Paul Petrovich versus the Sacramento City Council
Crocker Village could get dozens of new homes after a slow period that has left a wide expanse of undeveloped lots.
The Petrovich Development Company has applied to build 83 homes in Crocker Village, the company’s project site in central Sacramento, according to city reports issued Thursday.
Homes will be built on a 10-acre site in the middle of the larger 70-plus acres of planned development next to Curtis Park, and just east of the Union Pacific rail line and Sacramento City College.
The project has been the focus of a lawsuit between Petrovich and the city for more than a year, stemming from the city’s refusal to allow the developer to build a gas station at the lower west corner of the project. That case is tentatively scheduled for a hearing next month.
The new application would more than double the number of homes on the site. Builders currently are finishing a row of three-story row houses on Crocker Drive.
The new homes are described as single-unit dwellings, with four different house styles: English cottage, French cottage, Spanish mission, and English country. The homes would be in the 1,600- to 2,000-square-foot range.
The developer, in his application, described the homes as “a high quality residential community that continues to carry out the vision of the overall development.”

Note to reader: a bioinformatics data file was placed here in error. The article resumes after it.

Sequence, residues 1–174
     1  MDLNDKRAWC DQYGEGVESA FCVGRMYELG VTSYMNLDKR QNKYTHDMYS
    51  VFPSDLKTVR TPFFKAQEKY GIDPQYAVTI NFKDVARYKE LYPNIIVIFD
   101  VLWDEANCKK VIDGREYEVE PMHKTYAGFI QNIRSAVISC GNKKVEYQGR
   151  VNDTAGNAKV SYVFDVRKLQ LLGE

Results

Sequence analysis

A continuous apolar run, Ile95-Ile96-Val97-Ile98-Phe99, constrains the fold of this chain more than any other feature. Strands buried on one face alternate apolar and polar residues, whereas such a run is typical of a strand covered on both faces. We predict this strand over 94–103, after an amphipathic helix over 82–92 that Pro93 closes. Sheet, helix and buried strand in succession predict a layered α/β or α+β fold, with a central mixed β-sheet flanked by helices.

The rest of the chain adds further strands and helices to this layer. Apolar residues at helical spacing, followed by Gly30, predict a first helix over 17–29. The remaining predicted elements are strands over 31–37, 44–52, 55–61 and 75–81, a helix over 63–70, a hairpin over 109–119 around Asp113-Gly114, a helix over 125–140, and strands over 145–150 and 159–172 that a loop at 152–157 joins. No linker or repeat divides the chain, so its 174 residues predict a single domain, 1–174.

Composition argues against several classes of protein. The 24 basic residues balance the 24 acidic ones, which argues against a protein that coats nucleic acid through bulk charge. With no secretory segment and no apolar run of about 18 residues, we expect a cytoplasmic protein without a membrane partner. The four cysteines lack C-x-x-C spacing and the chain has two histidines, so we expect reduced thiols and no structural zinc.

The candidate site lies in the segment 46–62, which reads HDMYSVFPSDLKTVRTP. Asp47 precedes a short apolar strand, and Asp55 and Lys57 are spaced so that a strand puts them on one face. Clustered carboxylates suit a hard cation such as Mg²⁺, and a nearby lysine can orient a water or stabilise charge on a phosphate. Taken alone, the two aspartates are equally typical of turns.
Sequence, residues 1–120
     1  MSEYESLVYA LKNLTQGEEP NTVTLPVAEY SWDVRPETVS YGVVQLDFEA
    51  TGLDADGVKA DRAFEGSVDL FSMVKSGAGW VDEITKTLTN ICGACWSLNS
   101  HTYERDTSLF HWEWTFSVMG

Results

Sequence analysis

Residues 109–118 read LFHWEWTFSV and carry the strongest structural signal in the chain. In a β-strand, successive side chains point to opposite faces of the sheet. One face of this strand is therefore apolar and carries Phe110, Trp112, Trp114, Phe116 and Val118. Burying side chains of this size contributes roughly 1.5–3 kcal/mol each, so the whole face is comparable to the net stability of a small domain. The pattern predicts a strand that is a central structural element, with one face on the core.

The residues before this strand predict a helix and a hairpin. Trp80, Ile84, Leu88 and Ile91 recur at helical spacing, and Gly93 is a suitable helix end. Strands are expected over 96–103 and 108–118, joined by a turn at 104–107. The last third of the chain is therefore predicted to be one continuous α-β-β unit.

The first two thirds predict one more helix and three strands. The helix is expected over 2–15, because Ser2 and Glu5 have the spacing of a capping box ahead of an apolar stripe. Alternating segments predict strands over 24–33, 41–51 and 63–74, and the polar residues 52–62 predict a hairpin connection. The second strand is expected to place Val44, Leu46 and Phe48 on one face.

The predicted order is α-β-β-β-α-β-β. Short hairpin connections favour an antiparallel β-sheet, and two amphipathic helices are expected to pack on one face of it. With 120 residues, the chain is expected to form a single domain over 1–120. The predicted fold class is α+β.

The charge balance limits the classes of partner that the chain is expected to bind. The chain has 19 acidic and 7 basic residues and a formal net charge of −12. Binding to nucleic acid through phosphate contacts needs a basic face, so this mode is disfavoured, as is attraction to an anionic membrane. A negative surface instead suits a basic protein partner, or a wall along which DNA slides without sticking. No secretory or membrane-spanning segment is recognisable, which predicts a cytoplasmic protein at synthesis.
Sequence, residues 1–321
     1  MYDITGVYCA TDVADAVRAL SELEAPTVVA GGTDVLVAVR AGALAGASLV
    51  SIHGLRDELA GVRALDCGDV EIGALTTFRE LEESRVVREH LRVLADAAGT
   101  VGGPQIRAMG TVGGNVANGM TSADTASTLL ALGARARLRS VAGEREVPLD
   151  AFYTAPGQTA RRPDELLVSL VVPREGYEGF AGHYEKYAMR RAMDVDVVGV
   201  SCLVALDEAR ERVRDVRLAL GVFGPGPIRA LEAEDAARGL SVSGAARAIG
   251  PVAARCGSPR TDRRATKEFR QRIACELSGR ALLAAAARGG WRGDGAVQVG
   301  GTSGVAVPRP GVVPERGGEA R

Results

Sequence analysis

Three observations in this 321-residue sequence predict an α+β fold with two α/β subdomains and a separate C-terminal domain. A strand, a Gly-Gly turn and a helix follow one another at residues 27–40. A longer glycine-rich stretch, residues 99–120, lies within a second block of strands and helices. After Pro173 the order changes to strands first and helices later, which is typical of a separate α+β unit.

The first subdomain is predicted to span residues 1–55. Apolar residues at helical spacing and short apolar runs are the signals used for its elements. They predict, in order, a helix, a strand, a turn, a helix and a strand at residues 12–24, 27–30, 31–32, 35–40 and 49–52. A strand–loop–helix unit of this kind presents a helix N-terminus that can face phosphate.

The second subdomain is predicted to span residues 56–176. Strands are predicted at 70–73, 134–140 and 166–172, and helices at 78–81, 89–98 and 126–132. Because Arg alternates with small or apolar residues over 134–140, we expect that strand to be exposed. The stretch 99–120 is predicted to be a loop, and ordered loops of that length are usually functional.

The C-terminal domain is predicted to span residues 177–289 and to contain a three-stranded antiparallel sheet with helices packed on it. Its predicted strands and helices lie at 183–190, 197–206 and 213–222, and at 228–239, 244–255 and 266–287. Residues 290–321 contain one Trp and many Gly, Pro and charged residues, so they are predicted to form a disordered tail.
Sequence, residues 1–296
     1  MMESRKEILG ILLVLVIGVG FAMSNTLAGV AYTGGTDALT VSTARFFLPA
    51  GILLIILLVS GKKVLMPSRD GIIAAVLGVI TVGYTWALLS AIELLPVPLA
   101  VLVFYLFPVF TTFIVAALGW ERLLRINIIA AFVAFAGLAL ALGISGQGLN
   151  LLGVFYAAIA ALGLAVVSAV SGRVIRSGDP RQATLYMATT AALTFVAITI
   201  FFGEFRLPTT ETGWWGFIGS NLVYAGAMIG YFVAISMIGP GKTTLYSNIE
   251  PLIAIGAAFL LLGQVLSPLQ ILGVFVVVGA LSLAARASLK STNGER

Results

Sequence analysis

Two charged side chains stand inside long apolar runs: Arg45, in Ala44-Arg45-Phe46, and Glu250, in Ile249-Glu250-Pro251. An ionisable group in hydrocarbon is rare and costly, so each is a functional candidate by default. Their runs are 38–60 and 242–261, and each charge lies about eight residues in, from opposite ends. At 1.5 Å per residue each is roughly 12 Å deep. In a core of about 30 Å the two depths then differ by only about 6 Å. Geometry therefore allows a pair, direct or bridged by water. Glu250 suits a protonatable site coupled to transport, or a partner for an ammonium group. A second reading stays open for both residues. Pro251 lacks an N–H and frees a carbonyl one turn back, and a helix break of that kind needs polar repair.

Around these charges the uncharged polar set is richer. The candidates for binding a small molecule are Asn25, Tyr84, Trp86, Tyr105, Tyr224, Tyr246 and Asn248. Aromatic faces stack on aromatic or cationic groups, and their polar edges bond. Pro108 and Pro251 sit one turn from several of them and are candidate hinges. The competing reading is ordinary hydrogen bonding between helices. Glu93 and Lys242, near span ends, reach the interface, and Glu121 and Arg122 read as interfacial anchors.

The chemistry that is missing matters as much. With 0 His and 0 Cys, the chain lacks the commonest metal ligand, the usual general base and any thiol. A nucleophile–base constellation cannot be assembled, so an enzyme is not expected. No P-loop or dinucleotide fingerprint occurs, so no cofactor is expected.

At build-out, the Crocker Village site is expected to have more than 330 homes. A senior apartment complex and 45 brownstone-style row houses have been constructed. The project also includes plans for a controversial commercial district at its southwest corner. The developer had hoped to build a Safeway store there, but the City Council rejected the proposed gas station that would have gone with the supermarket. The gas station had previously won city planning commission approval.
Petrovich has since filed a lawsuit, contending the city did not have the legal right to deny him a permit to build the gas station and that council members colluded to deny the permit.